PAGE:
‘Unforgivable cowardice’: Company ‘gagged’ from criticizing May in wake of Grenfell fire
Engineering firm WSP signed a UK government contract worth more than £100,000 (US$131,500) to carry out testing of cladding on buildings, 12 days after the Grenfell Tower fire in which 72 people died. A prerequisite of the deal was WSP having to sign a gagging clause preventing the company from being able to create “adverse publicity” for or “embarrass” PM May and her Cabinet Office, the Times reports.
The deal was agreed at a time when the prime minister was receiving criticism for her handling of the disaster, much of which was related to her failure to meet residents and survivors of Grenfell Tower in the immediate aftermath and her refusal to sack her chief-of-staff, Gavin Barwell.
Former Housing Minister Barwell was accused of “sitting on” on a review into building regulations at tower blocks after a deadly fire in south London in 2009 killed six people.
The revelations have been met with a mixture of disbelief and outrage on social media from across the political spectrum. Labour MP David Lammy, whose friend Khadija Saye died in the fire, said the gagging clause demonstrated “unforgivable cowardice” on the part of May. The Sun’s deputy political editor, Steve Hawkes, claimed it was an “awful look” for the UK government.
.@theresa_may, why did you gag firms and charities from criticising you in these investigations that followed Grenfell fire?— David Lammy (@DavidLammy) November 6, 2018
This shows unforgivable cowardice. If you respected the 72 that died, you would have let firms follow the truth wherever it led.https://t.co/Y2RYDY1zkk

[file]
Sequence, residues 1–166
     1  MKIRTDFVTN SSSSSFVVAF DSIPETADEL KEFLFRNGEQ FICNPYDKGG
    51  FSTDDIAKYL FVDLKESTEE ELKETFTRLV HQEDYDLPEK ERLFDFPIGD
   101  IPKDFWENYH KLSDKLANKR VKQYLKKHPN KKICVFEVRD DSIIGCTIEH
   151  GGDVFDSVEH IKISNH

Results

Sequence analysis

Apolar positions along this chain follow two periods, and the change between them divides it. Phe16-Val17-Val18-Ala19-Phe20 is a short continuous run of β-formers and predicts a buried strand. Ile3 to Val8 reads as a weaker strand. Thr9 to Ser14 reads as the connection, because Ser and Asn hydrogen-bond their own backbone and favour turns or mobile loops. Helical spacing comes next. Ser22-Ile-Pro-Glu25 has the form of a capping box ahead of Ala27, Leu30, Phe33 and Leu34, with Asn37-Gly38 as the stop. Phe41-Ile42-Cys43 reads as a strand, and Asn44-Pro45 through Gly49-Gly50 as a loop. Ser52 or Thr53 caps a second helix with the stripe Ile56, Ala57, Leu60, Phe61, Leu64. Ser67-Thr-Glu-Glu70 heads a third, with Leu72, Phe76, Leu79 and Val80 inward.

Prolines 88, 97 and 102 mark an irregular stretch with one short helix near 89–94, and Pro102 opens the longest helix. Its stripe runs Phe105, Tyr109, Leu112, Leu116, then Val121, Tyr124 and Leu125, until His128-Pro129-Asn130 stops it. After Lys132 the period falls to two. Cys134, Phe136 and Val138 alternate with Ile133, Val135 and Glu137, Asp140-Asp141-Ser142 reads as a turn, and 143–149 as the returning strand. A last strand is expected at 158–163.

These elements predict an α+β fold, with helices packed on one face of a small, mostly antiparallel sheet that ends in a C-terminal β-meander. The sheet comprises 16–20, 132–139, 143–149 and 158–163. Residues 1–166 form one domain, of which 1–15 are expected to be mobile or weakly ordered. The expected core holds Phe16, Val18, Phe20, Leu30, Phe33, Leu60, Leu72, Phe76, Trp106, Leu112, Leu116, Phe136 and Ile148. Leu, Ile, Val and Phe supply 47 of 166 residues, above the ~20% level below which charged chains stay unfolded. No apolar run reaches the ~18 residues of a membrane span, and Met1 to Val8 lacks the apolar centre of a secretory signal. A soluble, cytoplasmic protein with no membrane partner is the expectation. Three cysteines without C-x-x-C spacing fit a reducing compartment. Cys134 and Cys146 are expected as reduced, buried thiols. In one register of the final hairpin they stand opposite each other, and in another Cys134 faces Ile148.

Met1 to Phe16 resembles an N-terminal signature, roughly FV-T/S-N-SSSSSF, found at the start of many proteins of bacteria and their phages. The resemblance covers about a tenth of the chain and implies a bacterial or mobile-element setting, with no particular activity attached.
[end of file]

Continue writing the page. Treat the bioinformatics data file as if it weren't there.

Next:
The gag was one of hundreds imposed by the government on contractors. The Times claims cabinet ministers have banned 40 charities and over 300 companies since 2015 from publicly criticizing them, their departments, or the PM, as part of contracts costing the British taxpayer £25 billion.
The government had already come under fire for using the controversial clauses after it emerged the Department for Work and Pensions had forced as many as 22 groups working on the implementation of the Universal Credit welfare program to sign contracts forcing them to “pay the utmost regard to the standing and reputation” of Esther McVey, the Work and Pensions secretary.
The Cabinet Office signed the deal with WSP to advise officials on whether cladding used by the government estate complied with building regulations, on June 26, 2017. The company has expertise in cladding and fire safety and worked on the structural engineering for One World Trade Center in New York and the Shard in London.
Grenfell United campaign group, which offers support for survivors and bereaved families, said that companies should not be “deterred” from speaking out.
“The focus at every level of government must be to get to the truth about how and why Grenfell happened. No one should be deterred from speaking out.” they said.
The government claims the contracts do not prevent individuals from campaigning on particular issues or acting as whistleblowers. A spokesman told the Times: “Standard contracts in the public and the private sector contain provisions to protect the commercial interests of government and its suppliers in a reasonable way.”
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